By early 1980, the homes on Sand Island were gone. Many of the islands’ nearly 400 residents chose to relocate beforehand; George Cash burned down his own structure before the Hawai‘i Department of Land and Natural Resources could destroy it. A handful of the community stayed even as their homes were bulldozed to the ground. Today, with the potential of a homeless population being relocated to a dirt lot alongside Sand Island’s main road, it all seems surprisingly relevant. Perhaps someone will record the story, captured in a series of 15-second Instagram posts, or, possibly, a 15-minute Vimeo video with its post-production funded via Kickstarter. Perhaps it won’t be documented at all. As for the story itself: Maybe Sand Island’s next chapter will be a surprising tale of success. Maybe, as others predict, it will be another black mark on the history of how Hawai‘i treats its most vulnerable community members. Whatever happens, until rising ocean levels slowly erase it from our shores, Sand Island will be there to meet our needs.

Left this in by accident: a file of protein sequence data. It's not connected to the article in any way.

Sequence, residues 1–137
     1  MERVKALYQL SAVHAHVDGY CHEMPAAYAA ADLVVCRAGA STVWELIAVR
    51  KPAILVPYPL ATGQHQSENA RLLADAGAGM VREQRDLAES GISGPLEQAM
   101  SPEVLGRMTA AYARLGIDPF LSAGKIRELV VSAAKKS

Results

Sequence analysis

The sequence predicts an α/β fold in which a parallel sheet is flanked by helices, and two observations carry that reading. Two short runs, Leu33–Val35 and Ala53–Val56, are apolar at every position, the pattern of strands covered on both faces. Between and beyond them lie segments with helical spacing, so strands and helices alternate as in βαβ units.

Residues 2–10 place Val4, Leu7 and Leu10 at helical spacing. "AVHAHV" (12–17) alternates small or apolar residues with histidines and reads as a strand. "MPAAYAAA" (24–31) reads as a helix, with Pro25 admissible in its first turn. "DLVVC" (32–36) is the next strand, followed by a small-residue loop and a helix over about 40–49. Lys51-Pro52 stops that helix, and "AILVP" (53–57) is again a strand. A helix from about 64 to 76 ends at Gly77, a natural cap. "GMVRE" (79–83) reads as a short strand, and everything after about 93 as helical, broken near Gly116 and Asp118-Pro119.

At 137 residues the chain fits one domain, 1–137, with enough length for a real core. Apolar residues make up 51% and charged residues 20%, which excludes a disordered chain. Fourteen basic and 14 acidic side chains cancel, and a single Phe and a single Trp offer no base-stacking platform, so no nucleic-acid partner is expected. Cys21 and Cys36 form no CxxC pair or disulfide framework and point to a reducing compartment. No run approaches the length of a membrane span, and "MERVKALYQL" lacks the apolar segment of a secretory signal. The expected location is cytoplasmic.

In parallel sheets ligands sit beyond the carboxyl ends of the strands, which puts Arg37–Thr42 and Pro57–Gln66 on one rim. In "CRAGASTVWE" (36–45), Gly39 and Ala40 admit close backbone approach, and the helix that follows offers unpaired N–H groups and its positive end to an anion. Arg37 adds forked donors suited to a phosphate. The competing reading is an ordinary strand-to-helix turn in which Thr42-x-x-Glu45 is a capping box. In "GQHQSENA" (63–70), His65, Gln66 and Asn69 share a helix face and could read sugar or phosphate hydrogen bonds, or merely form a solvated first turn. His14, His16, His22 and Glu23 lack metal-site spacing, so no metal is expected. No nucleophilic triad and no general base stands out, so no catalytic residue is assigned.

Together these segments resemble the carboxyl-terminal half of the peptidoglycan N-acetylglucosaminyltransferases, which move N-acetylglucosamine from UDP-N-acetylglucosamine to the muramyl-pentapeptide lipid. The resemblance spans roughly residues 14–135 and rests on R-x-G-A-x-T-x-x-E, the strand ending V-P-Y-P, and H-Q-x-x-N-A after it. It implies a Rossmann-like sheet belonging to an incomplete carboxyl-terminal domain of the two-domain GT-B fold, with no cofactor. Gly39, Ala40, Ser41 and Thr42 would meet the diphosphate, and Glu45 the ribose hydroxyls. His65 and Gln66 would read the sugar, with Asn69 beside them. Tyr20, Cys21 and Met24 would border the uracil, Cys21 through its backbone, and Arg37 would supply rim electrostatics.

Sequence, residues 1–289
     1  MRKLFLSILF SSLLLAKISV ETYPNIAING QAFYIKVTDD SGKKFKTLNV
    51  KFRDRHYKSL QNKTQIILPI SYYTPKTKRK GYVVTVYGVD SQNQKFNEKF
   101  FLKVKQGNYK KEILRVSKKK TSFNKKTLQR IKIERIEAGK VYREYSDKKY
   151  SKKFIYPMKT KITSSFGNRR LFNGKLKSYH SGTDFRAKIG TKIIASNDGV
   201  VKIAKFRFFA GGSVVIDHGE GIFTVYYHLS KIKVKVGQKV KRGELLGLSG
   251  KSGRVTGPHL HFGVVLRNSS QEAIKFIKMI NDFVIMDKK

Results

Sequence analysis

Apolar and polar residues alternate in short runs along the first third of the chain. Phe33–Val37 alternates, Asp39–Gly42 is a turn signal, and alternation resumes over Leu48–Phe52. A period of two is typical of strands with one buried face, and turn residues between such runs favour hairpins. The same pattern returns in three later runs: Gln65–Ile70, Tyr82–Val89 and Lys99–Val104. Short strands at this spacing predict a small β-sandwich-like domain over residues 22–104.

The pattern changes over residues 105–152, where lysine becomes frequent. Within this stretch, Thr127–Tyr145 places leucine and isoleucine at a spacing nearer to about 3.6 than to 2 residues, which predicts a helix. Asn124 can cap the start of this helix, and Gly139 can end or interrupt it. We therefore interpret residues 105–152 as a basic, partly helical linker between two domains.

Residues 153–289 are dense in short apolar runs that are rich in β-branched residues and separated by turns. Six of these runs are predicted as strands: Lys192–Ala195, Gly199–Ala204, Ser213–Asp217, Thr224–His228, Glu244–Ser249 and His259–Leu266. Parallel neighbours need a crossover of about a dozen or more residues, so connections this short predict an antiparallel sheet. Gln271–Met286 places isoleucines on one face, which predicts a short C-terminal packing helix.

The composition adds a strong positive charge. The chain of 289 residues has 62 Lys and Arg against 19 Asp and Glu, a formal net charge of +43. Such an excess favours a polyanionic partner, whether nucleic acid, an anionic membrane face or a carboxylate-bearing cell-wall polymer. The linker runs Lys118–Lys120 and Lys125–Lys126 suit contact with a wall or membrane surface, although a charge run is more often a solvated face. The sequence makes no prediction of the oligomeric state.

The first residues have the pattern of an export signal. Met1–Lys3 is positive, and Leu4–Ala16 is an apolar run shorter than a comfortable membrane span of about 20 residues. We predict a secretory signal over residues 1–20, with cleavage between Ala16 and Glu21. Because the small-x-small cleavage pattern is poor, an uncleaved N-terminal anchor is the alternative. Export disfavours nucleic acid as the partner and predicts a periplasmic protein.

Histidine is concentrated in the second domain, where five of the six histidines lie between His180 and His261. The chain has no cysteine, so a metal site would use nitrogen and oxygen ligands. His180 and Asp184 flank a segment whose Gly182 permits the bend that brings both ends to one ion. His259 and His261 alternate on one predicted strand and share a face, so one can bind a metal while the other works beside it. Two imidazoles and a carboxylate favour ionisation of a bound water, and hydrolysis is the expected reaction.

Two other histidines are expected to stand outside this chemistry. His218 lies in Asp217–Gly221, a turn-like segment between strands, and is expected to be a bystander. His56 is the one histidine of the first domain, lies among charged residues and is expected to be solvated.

“It’s calling, calling to me. Beautiful Sand Island, beautiful Sand Island,” continues Cash’s song. “In the midst of all the garbage, mother nature made my home. By the shores of Sand Island, maybe won’t last too long.”